Published: July 27th 2012July 27th 2012
I feel like there is so much to try and catch up on and I only have a few minutes on the internet tonight. I'll post as much as I can
If there is one thing I have learned so far, it is that perspective changes everything. During our time in Uganda, my perspective, view and beliefs chagned in so many ways. I have started to think about what it important and what isn't. The last week in our house in Uganda, we learned to get make meals, get ready and put make up on in the dark. The power was out most evenings and we got used to making our meals with headlamps on and eating by candle light. It was funny, because now when the power goes out it doesn't even phase us, we just carry on doing whatever it is that we are doing. I have learned what we need to survive and all of the things that we take for granted on a daily basis.
Last Saturday we held a graduation for the first class to ever graduate from Rwentutu! What an amazing experience it was and we all looked amazing in the African dresses that we had made specially for the day! We had brought gowns and caps for the children and their families were so excited to see them graduate. For most families, these Grade 7 children were the first in their family to ever graduate. We hope that some of the students will go on to secondary school, but that often isn't the case. The school fees are just too much for most families to handle.
While spending time in classrooms I realized that children are children no matter where in the world you are. They still love laughing, having fun and learning, even though the trials that they face are so different from the ones children in Canada face. As we drove to school each day, it continued to surprise me how many school aged children are unable to attend school. Although the reasons are different for everyone it is hard to imagine so many children not being offered the opportunity to get an education. The saying it takes a village to raise a child is used all over the world but I have never seen it in action the way that I have in Africa! Everyone pitches in to take care of children. Teachers teach with babies strapped to their back (or in their arms...a skill I quickly learned to master), they cut and make food for their children and other students, they stay in dorms with the children. EVERYONE helps out!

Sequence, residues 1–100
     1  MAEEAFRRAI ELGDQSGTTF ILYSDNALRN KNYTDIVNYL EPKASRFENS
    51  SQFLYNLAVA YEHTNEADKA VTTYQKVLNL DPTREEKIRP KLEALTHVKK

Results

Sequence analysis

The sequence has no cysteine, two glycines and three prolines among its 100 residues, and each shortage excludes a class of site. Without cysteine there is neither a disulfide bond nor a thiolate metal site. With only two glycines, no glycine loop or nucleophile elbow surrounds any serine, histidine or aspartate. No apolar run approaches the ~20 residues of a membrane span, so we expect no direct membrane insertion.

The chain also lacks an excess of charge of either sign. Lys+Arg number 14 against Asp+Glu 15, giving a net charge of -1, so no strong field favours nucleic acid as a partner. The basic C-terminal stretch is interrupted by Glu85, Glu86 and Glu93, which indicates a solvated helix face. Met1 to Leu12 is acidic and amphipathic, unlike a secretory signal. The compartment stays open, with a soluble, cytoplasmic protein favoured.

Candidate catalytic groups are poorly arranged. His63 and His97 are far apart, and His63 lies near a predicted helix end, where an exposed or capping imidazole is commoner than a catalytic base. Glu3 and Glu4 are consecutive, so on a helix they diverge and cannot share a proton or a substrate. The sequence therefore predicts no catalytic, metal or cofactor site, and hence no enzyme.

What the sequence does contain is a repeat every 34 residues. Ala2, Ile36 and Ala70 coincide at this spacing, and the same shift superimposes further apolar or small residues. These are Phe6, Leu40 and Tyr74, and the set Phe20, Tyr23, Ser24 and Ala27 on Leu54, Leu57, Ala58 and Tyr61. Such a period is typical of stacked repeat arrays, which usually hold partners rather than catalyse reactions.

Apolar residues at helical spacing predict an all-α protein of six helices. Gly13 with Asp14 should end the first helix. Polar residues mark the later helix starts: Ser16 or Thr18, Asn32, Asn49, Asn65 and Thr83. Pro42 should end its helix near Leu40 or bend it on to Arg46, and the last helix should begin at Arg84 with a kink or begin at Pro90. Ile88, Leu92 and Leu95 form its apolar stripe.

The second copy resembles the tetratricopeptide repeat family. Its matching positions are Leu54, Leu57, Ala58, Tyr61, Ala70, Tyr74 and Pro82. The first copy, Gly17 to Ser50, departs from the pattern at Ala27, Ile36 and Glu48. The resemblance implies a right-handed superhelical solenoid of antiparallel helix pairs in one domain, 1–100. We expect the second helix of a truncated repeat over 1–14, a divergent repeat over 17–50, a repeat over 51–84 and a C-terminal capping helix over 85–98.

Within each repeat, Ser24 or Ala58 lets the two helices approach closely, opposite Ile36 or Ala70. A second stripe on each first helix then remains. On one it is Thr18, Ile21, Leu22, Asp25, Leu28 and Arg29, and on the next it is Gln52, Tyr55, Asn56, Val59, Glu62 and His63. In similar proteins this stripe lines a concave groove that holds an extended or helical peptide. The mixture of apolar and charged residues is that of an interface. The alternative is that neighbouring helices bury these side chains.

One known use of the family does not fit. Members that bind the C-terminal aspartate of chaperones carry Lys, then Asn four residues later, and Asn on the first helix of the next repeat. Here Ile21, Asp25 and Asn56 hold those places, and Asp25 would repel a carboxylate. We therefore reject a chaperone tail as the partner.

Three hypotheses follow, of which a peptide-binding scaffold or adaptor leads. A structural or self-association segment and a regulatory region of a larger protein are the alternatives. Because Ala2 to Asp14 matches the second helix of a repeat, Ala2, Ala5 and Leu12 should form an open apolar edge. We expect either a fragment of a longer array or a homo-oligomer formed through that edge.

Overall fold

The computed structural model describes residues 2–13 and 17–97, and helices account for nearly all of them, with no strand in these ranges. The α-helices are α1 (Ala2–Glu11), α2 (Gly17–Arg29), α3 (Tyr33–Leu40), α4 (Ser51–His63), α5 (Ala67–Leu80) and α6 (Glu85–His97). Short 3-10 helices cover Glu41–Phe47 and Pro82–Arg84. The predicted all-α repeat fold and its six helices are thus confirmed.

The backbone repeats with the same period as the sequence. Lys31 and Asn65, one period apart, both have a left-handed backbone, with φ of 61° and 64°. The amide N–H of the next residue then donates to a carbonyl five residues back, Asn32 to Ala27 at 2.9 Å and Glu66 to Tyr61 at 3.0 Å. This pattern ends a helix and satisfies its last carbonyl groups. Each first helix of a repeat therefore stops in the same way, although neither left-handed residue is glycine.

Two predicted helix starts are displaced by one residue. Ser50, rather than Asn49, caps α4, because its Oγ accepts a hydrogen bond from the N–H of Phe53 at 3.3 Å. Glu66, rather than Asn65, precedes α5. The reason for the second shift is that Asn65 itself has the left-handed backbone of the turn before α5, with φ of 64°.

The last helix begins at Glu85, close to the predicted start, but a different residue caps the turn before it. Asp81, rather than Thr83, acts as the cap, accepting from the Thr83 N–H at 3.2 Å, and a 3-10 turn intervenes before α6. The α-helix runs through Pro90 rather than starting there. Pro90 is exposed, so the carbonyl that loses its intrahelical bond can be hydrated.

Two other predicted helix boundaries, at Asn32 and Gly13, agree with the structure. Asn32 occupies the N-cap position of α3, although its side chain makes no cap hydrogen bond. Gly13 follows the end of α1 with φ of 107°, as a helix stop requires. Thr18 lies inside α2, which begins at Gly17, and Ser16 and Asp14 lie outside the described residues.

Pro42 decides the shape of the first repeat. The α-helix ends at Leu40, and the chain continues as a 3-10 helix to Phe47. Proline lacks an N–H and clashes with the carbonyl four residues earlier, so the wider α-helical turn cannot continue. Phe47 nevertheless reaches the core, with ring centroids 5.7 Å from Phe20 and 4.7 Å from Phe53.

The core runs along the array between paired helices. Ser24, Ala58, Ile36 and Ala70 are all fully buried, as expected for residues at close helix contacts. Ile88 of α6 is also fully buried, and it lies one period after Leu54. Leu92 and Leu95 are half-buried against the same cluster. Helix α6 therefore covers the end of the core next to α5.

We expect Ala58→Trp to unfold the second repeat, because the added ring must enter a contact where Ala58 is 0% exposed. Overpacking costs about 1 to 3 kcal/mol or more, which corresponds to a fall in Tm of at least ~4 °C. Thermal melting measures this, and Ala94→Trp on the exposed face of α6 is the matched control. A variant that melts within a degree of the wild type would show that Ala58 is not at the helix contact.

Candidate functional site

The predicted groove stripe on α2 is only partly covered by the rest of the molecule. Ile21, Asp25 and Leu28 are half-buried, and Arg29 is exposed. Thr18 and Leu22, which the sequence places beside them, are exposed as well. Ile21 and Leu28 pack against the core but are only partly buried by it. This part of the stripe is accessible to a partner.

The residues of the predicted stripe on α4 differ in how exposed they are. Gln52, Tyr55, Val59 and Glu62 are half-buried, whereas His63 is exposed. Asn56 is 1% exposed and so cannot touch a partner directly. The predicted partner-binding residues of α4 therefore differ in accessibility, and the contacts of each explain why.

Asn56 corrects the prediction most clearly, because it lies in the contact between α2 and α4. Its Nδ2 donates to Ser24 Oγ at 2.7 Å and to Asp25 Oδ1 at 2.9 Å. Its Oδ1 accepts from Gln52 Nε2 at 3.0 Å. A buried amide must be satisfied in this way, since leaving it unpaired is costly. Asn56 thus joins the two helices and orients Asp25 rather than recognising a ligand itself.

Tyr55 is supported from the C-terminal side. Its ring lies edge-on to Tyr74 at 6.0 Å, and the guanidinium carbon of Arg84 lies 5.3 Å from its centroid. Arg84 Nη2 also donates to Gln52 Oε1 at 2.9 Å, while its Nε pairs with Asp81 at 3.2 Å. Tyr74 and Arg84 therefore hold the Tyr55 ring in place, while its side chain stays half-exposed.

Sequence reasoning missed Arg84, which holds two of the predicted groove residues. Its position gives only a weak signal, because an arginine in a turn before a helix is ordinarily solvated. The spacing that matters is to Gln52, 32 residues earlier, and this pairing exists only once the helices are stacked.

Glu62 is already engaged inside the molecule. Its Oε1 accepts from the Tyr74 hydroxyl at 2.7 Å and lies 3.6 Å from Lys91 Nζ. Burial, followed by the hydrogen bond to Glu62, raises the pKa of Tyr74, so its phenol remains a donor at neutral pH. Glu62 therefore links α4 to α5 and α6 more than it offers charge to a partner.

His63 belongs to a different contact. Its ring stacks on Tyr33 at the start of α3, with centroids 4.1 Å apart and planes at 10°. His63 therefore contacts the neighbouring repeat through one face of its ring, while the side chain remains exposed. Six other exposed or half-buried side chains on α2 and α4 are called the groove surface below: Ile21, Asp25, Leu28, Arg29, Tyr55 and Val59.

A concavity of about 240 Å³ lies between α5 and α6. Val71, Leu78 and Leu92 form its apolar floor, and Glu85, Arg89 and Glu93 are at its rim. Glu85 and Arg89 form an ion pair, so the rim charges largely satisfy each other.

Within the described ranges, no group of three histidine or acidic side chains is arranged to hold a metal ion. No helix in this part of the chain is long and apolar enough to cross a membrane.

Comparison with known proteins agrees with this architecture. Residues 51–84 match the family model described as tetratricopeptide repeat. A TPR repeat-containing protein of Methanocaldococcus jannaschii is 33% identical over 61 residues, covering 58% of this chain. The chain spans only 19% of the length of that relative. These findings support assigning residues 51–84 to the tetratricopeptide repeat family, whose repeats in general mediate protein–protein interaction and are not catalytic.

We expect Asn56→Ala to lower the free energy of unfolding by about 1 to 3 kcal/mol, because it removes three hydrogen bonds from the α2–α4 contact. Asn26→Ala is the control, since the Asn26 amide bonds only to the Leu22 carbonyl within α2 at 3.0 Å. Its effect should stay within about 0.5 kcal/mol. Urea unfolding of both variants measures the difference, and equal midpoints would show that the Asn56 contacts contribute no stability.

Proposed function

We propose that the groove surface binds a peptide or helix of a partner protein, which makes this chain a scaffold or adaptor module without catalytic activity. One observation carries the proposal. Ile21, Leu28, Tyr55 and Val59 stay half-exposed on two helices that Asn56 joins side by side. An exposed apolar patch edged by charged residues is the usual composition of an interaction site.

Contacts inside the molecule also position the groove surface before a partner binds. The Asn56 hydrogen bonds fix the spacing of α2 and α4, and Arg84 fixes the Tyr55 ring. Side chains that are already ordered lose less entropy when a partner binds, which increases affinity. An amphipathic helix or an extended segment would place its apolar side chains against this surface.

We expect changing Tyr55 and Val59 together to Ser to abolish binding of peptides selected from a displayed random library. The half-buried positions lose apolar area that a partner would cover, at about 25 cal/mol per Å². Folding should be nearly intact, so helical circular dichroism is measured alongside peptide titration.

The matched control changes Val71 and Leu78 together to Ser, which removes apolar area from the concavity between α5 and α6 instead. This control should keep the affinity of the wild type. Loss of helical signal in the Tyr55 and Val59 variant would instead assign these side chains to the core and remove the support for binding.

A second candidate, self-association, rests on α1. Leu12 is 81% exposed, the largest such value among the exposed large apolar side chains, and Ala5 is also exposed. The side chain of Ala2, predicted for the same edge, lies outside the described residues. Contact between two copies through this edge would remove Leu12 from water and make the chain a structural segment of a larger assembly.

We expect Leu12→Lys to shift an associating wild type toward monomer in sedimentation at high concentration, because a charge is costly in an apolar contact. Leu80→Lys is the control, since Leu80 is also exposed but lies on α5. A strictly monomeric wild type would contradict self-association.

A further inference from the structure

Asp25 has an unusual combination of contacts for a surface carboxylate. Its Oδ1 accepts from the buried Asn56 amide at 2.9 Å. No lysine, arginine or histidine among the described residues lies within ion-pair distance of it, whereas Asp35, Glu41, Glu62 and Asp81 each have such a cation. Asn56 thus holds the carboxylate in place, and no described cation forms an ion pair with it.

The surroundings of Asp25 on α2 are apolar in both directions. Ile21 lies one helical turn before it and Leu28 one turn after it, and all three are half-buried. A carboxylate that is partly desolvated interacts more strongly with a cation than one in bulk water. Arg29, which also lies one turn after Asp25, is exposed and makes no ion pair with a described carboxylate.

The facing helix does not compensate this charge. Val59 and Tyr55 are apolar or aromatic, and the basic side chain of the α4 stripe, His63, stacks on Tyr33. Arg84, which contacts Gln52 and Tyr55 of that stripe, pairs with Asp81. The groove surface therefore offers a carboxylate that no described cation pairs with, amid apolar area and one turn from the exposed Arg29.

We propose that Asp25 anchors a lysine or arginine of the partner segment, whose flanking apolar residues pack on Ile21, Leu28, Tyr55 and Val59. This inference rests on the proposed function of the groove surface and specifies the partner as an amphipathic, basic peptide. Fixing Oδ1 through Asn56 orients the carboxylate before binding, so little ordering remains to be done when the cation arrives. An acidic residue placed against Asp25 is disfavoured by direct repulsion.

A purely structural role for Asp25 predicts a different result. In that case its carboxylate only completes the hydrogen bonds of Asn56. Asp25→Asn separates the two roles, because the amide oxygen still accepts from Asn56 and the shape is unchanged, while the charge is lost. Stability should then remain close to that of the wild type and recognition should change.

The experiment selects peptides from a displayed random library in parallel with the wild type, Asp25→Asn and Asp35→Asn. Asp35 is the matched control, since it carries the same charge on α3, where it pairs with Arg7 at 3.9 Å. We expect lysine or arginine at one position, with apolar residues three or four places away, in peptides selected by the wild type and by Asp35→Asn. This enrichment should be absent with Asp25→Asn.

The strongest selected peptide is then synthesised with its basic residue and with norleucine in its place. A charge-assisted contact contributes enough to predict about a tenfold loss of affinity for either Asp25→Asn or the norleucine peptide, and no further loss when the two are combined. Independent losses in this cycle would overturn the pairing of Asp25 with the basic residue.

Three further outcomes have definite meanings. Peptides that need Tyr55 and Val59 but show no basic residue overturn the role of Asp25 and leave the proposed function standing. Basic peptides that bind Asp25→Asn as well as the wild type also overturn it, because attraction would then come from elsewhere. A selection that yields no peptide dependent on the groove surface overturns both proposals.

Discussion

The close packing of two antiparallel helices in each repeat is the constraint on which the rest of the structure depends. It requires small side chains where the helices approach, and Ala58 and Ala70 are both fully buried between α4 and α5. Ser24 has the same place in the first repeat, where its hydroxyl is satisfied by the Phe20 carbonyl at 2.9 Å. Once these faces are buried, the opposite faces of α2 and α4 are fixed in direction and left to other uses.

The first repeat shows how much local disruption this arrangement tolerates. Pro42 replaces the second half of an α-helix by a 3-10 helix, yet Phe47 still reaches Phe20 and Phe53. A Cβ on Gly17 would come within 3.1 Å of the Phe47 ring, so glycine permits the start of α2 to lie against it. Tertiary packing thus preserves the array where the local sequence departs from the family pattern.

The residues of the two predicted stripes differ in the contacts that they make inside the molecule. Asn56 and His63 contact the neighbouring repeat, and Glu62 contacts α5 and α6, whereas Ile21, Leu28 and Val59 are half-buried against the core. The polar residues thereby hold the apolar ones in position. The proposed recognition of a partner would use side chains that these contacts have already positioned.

There were three really hard moments last week....
1) Finding out that both teachers I have spent time with have malaria and are quite ill
2) The school semester having to finish earlier than expected because there was no food left, even for the boarders
3) Having to say goodbye to a group of children and teachers that have literally CHANGED my life!
We arrived in Tanzania last night and are in a whole new world. It is SO different from what we experience in Uganda. Today we had an amazing safari and tomorrow morning we leave for the Serengeti and two nights in a tented camp. I promise to try and blog on Monday to talk about all of the amazing experience and adventures in Tanzania!
One of the main differences that I have noticed so far between Uganda and Tanzania, aside from the landscape and animals that we have seen is the decreased police and military presence. Although we never felt unsafe in Uganda, there were ALWAYS police and military members around and we got stopped multiple times every day on the way to school at "police checks". Apparently with muzungas in the car they usually just want to say hello.
I hope everyone is well! Have a great weekend!